At best, tortilla chips are thin, crisp and sufficiently salty. Not to mention difficult to stop scooping into salsa. Or into that guacamole you made for your husband after he hinted by dropping avocados in your shopping cart. Or the scallop ceviche* that made last night’s dinner.

Tortilla chips are also, well, junk food. Nutritionally irredeemable. Unfortunate, really, but there’s the awful truth.

And so I made these lovelies, because a) I try to be a good mother and keep the nutritionally irredeemable food to a minimum, and b) I try to be a good mother and fashion healthy alternatives to the nutritionally irredeemable food we happen to enjoy.

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You know what I mean.

I’ve made homemade tortilla chips before, but they’ve been the flat kind, the kind that can’t stand up to any of the aforementioned dipping mediums. Unadorned chips are still good chips, but that wasn’t what the evening required. Besides, I knew homemade impostors would only appeal to Brian if they were in fine scooping form, the better to cradle the ceviche.

Homemade Tortilla Chips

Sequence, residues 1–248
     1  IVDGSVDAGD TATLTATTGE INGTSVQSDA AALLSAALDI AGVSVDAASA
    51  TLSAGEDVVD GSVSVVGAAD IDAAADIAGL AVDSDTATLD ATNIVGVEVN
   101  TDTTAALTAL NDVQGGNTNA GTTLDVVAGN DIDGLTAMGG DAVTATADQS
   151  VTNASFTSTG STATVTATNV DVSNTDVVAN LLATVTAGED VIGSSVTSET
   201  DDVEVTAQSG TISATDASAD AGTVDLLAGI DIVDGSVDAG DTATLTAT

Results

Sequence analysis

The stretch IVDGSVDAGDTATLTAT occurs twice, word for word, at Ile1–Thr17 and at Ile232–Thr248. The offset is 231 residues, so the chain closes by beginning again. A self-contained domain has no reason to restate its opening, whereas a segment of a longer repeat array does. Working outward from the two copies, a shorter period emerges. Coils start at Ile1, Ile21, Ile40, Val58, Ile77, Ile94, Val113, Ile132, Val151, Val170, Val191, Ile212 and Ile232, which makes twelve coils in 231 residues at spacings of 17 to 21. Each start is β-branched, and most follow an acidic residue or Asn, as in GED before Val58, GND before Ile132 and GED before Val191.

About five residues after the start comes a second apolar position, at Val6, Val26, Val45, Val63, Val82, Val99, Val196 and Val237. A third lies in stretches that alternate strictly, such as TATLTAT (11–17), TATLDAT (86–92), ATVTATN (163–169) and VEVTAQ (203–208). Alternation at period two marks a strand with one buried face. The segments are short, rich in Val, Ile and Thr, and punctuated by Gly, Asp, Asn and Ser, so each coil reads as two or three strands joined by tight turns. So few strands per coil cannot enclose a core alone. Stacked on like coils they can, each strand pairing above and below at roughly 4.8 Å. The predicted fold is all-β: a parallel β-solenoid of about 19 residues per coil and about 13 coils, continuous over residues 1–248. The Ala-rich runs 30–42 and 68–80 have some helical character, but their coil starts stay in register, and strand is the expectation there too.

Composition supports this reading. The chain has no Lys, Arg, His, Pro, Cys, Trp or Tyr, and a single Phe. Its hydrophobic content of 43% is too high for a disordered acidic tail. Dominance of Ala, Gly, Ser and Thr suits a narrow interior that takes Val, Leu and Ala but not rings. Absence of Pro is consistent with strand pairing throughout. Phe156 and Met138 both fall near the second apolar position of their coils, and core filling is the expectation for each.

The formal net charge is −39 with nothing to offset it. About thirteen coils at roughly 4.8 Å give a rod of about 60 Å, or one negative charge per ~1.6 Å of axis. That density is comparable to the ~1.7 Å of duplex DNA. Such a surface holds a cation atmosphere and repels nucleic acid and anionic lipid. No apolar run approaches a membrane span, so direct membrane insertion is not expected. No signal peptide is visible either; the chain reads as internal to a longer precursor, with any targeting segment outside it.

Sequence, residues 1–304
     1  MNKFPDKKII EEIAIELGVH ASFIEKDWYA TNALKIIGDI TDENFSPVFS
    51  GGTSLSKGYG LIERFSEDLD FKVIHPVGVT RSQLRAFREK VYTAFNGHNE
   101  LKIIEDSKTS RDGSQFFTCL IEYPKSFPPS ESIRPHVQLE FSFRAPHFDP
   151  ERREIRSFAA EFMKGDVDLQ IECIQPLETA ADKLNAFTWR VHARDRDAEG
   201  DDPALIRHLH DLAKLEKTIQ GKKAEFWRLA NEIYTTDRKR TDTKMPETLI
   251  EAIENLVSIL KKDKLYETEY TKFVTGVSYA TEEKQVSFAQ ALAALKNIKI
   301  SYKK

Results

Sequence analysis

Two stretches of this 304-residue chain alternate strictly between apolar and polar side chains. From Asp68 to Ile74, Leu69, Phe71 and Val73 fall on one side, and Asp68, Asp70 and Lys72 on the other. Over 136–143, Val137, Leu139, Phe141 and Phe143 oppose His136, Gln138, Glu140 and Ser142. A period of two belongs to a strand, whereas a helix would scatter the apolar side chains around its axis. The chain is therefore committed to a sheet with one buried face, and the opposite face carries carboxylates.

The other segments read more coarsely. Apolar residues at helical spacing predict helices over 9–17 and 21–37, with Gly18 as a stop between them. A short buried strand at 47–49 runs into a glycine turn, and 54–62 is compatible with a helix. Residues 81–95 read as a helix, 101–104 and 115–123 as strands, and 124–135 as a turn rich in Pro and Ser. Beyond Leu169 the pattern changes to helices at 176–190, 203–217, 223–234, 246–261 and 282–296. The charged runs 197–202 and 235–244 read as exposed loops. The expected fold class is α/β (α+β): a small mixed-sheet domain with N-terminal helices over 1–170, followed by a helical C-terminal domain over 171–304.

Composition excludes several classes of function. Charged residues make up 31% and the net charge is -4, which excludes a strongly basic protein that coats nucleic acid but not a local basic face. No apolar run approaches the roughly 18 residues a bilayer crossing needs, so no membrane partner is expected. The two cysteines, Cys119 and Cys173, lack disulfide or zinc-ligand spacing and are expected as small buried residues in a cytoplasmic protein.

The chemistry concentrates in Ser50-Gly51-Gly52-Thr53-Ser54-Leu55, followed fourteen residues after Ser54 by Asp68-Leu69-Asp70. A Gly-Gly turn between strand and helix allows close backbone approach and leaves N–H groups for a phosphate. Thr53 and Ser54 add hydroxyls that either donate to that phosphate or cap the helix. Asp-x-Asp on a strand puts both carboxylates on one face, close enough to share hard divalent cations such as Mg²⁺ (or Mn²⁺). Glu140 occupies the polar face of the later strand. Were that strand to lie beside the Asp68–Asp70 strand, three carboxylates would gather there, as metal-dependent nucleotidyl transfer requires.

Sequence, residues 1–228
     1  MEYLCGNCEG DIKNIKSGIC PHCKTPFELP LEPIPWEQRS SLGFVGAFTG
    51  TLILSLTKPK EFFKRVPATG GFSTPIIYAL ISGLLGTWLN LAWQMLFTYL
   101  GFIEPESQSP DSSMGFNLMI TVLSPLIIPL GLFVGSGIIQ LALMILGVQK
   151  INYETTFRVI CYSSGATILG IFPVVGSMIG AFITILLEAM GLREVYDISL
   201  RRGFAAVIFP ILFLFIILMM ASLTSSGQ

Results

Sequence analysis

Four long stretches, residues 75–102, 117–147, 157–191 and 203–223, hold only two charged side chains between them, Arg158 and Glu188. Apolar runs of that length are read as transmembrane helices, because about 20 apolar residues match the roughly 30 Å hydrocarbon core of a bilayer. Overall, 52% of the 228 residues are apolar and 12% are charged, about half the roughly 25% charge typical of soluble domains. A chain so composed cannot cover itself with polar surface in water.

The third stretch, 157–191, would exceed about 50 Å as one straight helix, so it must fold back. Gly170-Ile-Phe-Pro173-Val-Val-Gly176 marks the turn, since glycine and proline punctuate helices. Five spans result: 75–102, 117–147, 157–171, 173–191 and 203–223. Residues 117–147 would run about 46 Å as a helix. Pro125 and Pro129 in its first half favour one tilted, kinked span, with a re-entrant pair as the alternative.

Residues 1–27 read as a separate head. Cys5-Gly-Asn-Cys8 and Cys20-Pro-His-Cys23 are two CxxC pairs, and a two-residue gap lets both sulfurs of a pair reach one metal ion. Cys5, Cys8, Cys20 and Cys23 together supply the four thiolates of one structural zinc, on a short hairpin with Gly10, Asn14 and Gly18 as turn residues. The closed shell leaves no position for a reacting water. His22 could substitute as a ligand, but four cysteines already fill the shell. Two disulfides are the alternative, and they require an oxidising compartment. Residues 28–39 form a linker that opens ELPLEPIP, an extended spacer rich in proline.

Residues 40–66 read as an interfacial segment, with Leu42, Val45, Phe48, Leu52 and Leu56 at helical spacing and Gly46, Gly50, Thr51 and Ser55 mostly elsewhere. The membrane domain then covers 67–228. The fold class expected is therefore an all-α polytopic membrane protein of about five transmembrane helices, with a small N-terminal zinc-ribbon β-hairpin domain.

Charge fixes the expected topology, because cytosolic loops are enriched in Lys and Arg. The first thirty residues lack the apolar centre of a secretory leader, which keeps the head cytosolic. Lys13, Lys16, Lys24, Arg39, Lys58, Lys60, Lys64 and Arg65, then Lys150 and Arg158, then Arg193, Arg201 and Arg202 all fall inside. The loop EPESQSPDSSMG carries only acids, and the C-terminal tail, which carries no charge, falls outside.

Ingredients:

Store-bought whole-wheat tortillas
Sea salt

Heat oven to 325 degrees. Using kitchen shears or a pizza cutter, cut tortillas into wedges (about 6 to 8 per tortilla, depending on size). With a pastry brush, brush one side of wedges very lightly with water. Place wedges into muffin tins, then sprinkle with sea salt.

Bake for 12 to 15 minutes until tortillas are crisp and golden.

Remove from the oven. Scoop. Enjoy.

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*This recipe inspired my ceviche, but I didn’t follow it exactly.

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Welcome home

I don’t know about you, but I’m particularly prone to the post-travel blues. Once in a while it’s good to come home to your own bed, but more often than not it’s just a letdown.

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One morning you’re sipping Mexican hot chocolate on a cafe patio in your vacation location of choice, skimming the Times without really letting that real-world doom and gloom sink in; the next you’re scarfing your usual oatmeal in your rush out the door, and wishing you’d checked the traffic report.

At least we have our taste memories to sustain us until the next trip. This is my latest: Cioppino at Brockton Villa Restaurant in La Jolla, California. It had been a blustery day, with winds and sideways rain that had thrust our umbrellas into uselessness. We sat at a window-side table with beach views, and although the plastic screens were in place, they were hardly secure. It was, in a word, cold. But between sopping saffron broth with crusty bread and the space heater aimed strategically at my feet, it was a beautiful meal.

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These scrupulous notes are headed for my seafood file. I won’t be able to replicate the feel of the cold ocean breeze in my kitchen, but it’s still comforting to know I can conjure a similar cioppino of my own.